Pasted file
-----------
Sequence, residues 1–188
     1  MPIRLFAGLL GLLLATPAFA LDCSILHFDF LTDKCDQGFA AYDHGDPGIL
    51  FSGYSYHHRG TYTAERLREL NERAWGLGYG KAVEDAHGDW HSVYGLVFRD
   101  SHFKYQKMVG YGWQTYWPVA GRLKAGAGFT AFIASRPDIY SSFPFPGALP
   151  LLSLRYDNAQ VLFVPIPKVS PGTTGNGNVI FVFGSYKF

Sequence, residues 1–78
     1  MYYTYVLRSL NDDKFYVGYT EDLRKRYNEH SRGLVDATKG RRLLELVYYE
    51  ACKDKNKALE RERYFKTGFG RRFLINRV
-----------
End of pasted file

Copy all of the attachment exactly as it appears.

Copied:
Sequence, residues 1–188
     1  MPIRLFAGLL GLLLATPAFA LDCSILHFDF LTDKCDQGFA AYDHGDPGIL
    51  FSGYSYHHRG TYTAERLREL NERAWGLGYG KAVEDAHGDW HSVYGLVFRD
   101  SHFKYQKMVG YGWQTYWPVA GRLKAGAGFT AFIASRPDIY SSFPFPGALP
   151  LLSLRYDNAQ VLFVPIPKVS PGTTGNGNVI FVFGSYKF

Sequence, residues 1–78
     1  MYYTYVLRSL NDDKFYVGYT EDLRKRYNEH SRGLVDATKG RRLLELVYYE
    51  ACKDKNKALE RERYFKTGFG RRFLINRV